The impact has been huge. According to an analysis by Nationwide, the amount collected has soared. The Treasury now rakes in close on
    £13 billion a year from stamp duty, more than twice the amount from inheritance tax. But the number of transactions has tumbled to the lowest in a decade.

    In London, where these stratospheric rates of duty are biting hardest, the market has virtually frozen. Sales have all but ground to a halt. In Wandsworth, for example, there were just 105 sales in February this year compared with 270 in February 2016, according to Land Registry figures. Westminster saw only 55 sales. Overall, the figures are the lowest on record. Meanwhile, prices have fallen by more than 15 per cent in boroughs such as Kensington and Westminster, with a 6.6 per cent overall fall across the capital in the past year.

    The impact on the buy-to-let market has been even more dramatic. The number of buy-to-let mortgages available, a good indicator of the level of interest in the sector, has fallen to its lowest level since the immediate aftermath of the financial crash of 2009. The Council of Mortgage Lenders reports that around 6,000 new purchases a month are being made with buy-to-let mortgages, compared with a peak of up to 11,000 in 2015.

    There are ways around the new taxes. Lots of landlords are setting up companies, but that is expensive, and only really worthwhile if you have three or four properties; plus you can’t transfer existing assets into a company without paying stamp duty and capital gains tax. Couples might find they can get around the second- home rate by getting divorced. But that’s a pretty extreme way of sidestepping a tax, and probably not the best preparation for buying that idyllic cottage in Cornwall you’ve always talked about. In reality, stamp duty is a very hard tax to avoid, and the new system has been well designed to stop loopholes emerging.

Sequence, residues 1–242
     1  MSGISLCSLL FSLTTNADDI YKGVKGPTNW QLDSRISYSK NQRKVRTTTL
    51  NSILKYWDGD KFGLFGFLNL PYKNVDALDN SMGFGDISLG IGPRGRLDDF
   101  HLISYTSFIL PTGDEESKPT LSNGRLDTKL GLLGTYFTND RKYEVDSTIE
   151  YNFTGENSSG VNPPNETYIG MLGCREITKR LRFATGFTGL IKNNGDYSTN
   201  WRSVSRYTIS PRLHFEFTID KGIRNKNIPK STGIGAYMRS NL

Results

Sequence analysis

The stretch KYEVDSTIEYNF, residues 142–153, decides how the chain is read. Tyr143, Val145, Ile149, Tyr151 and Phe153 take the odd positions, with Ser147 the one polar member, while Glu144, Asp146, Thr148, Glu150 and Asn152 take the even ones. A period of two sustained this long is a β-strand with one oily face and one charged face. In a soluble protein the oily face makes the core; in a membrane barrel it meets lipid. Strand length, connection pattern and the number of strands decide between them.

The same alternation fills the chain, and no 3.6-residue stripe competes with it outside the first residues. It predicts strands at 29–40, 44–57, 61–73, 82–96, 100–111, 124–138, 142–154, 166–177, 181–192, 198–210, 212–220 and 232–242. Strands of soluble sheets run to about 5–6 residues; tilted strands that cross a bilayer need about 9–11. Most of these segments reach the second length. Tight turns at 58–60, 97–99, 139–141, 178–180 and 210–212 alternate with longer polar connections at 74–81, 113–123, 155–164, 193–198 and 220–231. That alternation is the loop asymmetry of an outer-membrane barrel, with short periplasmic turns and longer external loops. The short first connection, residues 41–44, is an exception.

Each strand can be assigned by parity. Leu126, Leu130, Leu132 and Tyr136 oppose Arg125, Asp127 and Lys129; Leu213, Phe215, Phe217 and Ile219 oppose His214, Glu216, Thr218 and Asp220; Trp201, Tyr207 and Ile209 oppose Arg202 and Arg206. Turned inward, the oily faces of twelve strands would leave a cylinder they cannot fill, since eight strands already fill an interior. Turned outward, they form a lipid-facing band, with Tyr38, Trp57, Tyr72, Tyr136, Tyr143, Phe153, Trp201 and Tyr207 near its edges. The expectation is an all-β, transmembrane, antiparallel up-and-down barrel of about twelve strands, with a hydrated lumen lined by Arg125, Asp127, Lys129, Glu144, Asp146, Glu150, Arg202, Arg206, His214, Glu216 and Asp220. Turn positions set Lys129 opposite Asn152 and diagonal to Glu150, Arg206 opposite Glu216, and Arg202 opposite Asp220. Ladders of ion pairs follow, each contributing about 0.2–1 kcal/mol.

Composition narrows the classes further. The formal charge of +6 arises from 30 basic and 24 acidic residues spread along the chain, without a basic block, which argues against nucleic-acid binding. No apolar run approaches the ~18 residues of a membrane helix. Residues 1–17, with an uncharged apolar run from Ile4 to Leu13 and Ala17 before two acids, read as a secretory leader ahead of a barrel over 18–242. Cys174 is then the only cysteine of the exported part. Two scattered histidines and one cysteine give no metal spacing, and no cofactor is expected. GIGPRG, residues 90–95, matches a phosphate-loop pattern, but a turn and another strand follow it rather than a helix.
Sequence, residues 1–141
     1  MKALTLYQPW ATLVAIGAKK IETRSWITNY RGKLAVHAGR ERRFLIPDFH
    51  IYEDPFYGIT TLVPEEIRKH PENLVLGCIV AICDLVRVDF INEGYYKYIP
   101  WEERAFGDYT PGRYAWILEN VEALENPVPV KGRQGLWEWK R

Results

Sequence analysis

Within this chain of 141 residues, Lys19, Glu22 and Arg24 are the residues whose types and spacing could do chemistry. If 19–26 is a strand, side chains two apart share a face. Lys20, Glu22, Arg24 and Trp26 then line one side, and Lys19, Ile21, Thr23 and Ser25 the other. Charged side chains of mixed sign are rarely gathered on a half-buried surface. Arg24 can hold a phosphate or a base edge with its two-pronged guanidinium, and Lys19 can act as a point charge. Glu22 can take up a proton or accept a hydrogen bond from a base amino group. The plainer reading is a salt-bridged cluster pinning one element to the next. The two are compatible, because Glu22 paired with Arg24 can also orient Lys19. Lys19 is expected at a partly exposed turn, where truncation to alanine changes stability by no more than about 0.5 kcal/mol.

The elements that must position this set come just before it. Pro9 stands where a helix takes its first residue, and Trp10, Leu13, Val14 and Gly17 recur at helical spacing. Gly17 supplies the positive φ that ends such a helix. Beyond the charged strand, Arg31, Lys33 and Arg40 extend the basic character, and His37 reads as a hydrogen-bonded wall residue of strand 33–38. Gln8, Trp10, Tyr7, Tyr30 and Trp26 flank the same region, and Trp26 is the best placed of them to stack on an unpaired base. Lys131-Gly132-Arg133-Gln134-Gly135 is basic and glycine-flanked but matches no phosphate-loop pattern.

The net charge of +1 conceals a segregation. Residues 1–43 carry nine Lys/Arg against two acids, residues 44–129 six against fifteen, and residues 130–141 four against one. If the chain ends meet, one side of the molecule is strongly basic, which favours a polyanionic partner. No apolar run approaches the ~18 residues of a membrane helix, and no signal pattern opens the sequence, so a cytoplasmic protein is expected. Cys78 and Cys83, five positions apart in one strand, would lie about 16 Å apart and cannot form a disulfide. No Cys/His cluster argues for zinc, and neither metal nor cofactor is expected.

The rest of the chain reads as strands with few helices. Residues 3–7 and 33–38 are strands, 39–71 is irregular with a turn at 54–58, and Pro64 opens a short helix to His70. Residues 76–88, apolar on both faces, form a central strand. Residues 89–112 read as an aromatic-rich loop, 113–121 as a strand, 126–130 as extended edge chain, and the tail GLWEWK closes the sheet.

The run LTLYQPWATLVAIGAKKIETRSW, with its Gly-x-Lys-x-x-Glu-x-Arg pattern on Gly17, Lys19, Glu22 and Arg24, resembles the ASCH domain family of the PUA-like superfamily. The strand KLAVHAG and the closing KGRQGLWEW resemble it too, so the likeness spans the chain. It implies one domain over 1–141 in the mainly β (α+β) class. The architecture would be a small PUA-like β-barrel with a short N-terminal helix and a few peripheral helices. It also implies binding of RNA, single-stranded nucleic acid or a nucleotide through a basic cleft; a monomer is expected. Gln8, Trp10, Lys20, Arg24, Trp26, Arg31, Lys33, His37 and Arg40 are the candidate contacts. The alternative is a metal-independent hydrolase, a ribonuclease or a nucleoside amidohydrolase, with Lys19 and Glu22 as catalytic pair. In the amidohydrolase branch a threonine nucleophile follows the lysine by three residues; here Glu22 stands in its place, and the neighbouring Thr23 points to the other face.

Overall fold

That does not mean it is a success, however. Brown saw it as an easy way of raising money, while Osborne saw it as a way of being seen to tax the rich while also curbing buy-to-let landlords, who, as he saw it, were driving up house prices. In fairness, it has raised a lot of money for the Treasury. But it is also distorting the housing market. There are three big problems. First, for many people it makes moving prohibitively expensive. Anyone swapping a £1 million home for another one in a different part of the country — because of a change of job, say — will have to pay £43,750 of duty. And yet mobility is obviously good for the economy.

    Next, the duty rates encourage older people to stay in big homes they no longer really need. It would often be better for all concerned if they down-sized and sold the family house, but buyers may now be few and far between. Finally, it has deliberately hammered landlords. But an economy with a flexible labour market plus lots of immigrants and lots of students, also needs lots of rental properties. As buy-to-let is discouraged, rents must go up — and that won’t help anyone.

    In reality, the housing market is already creaking under the weight of manipulation by the government. From planning restrictions to rules on borrowing to subsidies for first-time buyers and these hefty taxes on purchases, the state is meddling all over the place. The result? Far too few new homes are being built, too few people can afford to get on the ladder, and moving costs are soaring out of control. The stamp duty spiral has taken a mess and made a fiasco. The best thing we could do now would be to go back to a 1 per cent rate on every transaction, and leave that in place for a couple of decades. It couldn’t be any worse than what we have now – and might well be a lot better.